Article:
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Unintended Effects of Genetic Manipulation
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Transgenic tomatoes altered with a marker gene construct showed significant changes in morphological and physiological characteristics.

Manipulated Organism: Tomato (Lycopersicon esculentum mill.).

Inserted Transgene: GUS (uidA) gene for the synthesis of the enzyme beta-glucuronidase (GUS); GUS is a marker gene and was fused to the cauliflower mosaic virus (CaMV-35S) promoter so that it would be expressed in all tissues of the plant. The construct was inserted into tomato tissue via Agrobacterium.

Goal of This Study: Investigate whether transgenic tomatoes carrying gene constructs with a marker gene, which would not be expected to change a plant's morphology and physiology, show any differences from the parent variety out of which the transgenic tomatoes were developed. Three transgenic tomato lines were compared with the parent variety: one line that showed high expression of GUS; a second line where GUS expression was silenced; and a third line that had lost the GUS gene through outcrossing so that it was genetically equivalent to the unmanipulated controls but had been subjected to the genetic manipulation and to tissue culture regeneration.

Results of This Study: In 11 of 25 morphological and physiological characteristics that were subjected to statistical analysis, the unmanipulated parent variety differed significantly from all three genetically engineered lines. With respect to an additional seven characteristics, the parent variety differed significantly from one or two of the genetically engineered lines. The largest number of differences (15) were found between the parent variety and the line with the silenced GUS gene. Surprisingly, the line that had lost the gene construct through outcrossing differed from the parent variety just as much as the line that had high expression of GUS. The transgenic lines were more similar to each other morphologically and physiologically than they were to the parent variety. The characteristics in which the parent variety differed from one or more of the transgenic lines included plant height, thickness of the main shoot, leaf shape and size, leaf color, number and organization of fruit branches (inflorescence branching pattern), and fruit number and quality.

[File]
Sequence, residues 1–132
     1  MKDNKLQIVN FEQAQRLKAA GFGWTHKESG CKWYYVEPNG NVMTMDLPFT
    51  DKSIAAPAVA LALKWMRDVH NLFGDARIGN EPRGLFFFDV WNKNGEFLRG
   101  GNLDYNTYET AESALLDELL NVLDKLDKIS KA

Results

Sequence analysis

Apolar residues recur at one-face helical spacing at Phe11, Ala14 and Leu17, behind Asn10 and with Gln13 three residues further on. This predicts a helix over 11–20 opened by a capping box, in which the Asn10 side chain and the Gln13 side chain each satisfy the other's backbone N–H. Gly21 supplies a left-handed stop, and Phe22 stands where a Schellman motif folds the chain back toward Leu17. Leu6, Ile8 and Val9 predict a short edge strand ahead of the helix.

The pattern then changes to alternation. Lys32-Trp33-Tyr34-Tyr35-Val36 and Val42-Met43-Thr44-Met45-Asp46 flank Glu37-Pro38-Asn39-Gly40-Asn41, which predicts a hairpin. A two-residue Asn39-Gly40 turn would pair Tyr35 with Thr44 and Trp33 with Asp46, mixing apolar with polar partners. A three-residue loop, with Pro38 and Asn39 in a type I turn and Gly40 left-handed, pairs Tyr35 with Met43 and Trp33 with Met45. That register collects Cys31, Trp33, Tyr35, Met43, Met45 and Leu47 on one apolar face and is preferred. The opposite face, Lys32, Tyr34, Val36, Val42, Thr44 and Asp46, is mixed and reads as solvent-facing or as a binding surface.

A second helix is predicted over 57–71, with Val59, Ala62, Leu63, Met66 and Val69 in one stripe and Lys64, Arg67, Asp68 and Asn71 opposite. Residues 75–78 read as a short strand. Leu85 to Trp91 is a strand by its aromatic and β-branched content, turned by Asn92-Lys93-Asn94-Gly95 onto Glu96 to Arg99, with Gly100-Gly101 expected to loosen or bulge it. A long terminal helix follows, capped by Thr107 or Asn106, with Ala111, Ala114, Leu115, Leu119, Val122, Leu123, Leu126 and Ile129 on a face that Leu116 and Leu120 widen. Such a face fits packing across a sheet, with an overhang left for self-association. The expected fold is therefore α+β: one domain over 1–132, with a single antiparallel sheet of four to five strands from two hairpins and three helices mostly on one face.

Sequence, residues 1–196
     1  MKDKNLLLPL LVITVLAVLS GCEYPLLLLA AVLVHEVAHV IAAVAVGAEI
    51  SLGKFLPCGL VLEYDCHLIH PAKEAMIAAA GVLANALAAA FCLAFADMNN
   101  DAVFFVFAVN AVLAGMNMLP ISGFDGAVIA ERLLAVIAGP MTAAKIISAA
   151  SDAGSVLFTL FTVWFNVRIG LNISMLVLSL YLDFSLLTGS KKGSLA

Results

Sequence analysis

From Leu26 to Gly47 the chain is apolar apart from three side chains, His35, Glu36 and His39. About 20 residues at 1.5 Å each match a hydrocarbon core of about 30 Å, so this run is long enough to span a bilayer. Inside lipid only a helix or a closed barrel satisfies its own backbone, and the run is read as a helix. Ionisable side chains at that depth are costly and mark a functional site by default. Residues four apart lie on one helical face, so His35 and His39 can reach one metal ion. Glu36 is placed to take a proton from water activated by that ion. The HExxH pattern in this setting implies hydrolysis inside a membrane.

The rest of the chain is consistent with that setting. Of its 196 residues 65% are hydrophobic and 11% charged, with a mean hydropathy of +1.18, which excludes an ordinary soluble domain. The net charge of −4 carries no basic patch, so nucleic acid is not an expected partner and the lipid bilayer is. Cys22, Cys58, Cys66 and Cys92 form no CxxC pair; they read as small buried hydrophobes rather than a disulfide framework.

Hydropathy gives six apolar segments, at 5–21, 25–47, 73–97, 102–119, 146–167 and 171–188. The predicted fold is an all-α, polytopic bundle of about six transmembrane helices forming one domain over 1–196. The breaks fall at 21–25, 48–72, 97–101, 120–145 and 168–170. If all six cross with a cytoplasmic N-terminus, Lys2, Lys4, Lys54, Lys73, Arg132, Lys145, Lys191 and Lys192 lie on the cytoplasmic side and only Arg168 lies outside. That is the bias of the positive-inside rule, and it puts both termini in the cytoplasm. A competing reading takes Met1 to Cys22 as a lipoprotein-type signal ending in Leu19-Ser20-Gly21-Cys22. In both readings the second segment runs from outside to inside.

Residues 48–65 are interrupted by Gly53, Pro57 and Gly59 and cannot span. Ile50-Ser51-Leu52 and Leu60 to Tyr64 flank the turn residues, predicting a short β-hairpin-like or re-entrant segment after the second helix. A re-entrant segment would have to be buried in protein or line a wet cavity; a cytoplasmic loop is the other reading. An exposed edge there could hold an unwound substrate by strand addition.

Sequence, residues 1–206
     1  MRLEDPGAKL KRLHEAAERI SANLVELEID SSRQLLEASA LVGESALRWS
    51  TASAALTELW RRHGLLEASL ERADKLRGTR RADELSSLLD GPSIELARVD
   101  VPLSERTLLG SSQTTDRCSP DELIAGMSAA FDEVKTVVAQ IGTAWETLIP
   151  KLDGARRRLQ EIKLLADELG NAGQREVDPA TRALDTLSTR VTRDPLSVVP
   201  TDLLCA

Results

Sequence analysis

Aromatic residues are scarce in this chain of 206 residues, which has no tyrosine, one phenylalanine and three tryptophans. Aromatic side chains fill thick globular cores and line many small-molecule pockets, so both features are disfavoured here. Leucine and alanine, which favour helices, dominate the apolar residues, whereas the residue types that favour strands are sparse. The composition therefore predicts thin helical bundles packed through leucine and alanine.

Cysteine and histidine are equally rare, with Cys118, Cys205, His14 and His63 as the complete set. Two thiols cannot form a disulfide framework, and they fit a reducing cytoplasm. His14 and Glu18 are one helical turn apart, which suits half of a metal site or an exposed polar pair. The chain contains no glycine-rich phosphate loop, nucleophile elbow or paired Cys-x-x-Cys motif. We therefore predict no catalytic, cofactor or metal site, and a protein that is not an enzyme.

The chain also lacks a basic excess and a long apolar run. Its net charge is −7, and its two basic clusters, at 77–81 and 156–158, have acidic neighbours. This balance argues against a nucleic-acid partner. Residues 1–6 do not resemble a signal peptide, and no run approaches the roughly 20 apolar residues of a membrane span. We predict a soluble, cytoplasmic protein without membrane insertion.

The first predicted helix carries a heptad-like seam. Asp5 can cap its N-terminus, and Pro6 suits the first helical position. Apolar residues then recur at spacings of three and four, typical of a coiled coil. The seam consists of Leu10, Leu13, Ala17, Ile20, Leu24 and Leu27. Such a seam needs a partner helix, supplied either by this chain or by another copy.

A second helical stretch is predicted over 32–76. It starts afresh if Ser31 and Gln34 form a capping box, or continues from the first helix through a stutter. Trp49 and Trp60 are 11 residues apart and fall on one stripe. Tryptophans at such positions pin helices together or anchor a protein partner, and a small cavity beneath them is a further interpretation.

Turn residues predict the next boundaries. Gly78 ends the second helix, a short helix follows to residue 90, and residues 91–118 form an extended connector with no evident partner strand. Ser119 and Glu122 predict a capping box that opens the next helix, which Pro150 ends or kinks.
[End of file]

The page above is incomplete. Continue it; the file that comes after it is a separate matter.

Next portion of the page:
For example, in comparison to the parent variety, all three transgenic lines (except where noted) had:
  • On average two fewer fruit-bearing branches per plant, but in proportion more subdivided fruit-bearing branches (changed inflorescence architecture) and two fruits more per branch.

  • On each inflorescence, the first fruit that formed originated at a further distance from the main stem, which might increase the likelihood of the fruit-bearing branches tearing and breaking off the main stem.

  • A significantly larger number of tomatoes with a green collar around the upper part of the tomato - an area of thickened tissue that stays green (a commercially undesirable trait).

  • Significantly lower total acid content in fruits of two of the three transgenic lines.

  • Larger and darker green leaves that were more rolled in at the margins than those of the parent variety.

Exactly how the genetic manipulation was related to these changes in morphology and physiology is unclear. Since both the line with the silenced marker gene and the line that had lost the construct differed in many features from the parent variety and were more similar in those features to the line that expressed the marker gene, the changes cannot be due solely to the expression of the marker gene but rather to the whole process of genetic transformation.

Additional Comments: The fact that three different transgenic lines could be chosen for investigation in this study already indicates that the production of the transgenic lines involved unintended effects. The goal had been to create transgenic tomatoes with high expression of the GUS gene. The lines showed variable expression of the GUS gene, and one high-expressing line was used in this study. The line with the silenced GUS gene represents, of course, an unintended effect.

Source: Schätzl, A. (2007). "Nicht Beabsichtigte Effekte von Gentechnischen Veränderungen bei Tomaten (Lycopersicon esculentum Mill.)." [Unintended Effects of Genetic Modifications of Tomatoes], Diploma Thesis, Fachhochschule Weihenstephan, Germany.

Author Affiliations: This study was a thesis research project.

Funding: Not mentioned

Product Status: Not on the market as of 2008.

Copyright 2008 The Nature Institute.

This document: http://natureinstitute.org/nontarget/reports/tomato_004.php

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